Technically speaking the Family Law Act gives courts the jurisdiction to make family law orders regarding arrangements for children from the time of the birth of the child until they turn 18. The age can be even less if the child is married or in a defacto relationship (which throws up a few other legal issues).
Therefore a court can make an order regarding where the child lives up until the child is 18. An order stops being in force once a child turns 18 or marries or enters into a defacto relationship.
On a practical level, this means that you could apply to the court for an order regarding the living arrangements of a 17 year old.
It is important to then take into account how the court deals with such an application. In Family Law courts, the children never get to dictate what is to happen. However, the court is obliged to take into consideration the views of the child.
The court can do this by:
- Having regard to the matters contained in a family report prepared for the court
- Ordering that the children be represented by an Independent Children’s Lawyer — who is obliged to put the children’s views before the court although they can present to the court that they disagree that those views are not in the best interests of the child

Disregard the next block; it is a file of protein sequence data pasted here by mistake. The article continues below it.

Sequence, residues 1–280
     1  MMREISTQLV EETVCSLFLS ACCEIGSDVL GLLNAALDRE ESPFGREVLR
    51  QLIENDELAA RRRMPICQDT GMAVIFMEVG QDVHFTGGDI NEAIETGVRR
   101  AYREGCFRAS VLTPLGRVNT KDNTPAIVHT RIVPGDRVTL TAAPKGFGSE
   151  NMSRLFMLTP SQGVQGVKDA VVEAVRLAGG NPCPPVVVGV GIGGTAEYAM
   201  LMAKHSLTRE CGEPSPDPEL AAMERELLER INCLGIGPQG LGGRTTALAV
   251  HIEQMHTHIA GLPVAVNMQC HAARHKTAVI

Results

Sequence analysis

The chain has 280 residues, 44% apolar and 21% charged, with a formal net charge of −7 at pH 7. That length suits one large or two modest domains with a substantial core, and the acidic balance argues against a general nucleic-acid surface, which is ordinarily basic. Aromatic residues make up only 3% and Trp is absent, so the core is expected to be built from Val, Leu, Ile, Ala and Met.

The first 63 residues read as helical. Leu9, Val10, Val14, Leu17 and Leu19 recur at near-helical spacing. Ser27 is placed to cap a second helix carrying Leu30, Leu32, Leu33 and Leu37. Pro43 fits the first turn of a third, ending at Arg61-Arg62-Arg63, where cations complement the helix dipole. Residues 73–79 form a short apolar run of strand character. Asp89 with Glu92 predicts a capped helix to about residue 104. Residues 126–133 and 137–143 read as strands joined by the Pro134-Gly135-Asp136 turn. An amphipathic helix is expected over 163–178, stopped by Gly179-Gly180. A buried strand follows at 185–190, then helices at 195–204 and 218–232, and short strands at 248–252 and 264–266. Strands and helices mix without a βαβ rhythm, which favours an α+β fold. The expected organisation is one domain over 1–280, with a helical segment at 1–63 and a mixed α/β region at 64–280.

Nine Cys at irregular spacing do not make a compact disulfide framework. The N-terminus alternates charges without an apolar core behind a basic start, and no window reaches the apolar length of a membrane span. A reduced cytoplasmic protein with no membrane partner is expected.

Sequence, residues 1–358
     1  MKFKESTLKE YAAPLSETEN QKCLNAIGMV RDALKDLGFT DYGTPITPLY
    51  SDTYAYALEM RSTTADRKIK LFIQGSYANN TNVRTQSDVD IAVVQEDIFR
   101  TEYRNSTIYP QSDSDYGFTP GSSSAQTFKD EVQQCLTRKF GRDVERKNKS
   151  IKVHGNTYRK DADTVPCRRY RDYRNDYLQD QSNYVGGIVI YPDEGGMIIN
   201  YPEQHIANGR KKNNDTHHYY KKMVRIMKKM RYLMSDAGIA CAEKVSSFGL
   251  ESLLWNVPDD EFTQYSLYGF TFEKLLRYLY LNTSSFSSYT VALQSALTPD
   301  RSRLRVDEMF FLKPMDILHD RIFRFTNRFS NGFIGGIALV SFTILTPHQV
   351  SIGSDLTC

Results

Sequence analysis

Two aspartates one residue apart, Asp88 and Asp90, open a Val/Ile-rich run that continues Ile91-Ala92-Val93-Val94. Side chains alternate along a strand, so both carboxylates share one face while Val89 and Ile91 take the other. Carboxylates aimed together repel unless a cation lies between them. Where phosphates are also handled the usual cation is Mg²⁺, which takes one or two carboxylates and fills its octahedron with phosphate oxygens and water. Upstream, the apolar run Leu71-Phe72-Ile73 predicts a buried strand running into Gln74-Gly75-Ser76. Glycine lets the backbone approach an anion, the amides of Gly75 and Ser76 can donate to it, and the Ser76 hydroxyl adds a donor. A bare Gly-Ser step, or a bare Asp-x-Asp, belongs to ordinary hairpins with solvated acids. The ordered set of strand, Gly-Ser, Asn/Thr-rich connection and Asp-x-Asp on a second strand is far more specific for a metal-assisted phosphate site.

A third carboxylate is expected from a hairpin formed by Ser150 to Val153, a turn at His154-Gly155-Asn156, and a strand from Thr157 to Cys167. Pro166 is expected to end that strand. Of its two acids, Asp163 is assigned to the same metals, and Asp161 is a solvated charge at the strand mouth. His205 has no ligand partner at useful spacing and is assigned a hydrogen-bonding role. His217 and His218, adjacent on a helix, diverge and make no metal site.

- Or by such other means as the court considers appropriate
Usually, the more mature a child is — and I deliberately say mature rather than old — the more their wishes will be compelling to the court. They usually also become more compelling to the parties. However, the court does not just accept the view of the child at face value — the court will look at the circumstances around those wishes. This is what I sometimes refer to as the “PlayStation” factor – looking at why a child may have arrived at a view and is that in their best interests, is it just because someone has promised them a PlayStation.
Sometimes a practical element then comes into play — there is little point in litigating and getting orders if the child is going to make the implementation of those orders really difficult. That is why often there will be interim orders made to either test how something occurs or to gradually introduce the arrangements. It is also possible for the court to order that a counsellor oversees these arrangements.
What does this all mean? In my over 20 years of experience, I would say that the age is not the critical factor — rather you are better to put your effort into making sure your children are well supported so that arrangements are easily implemented.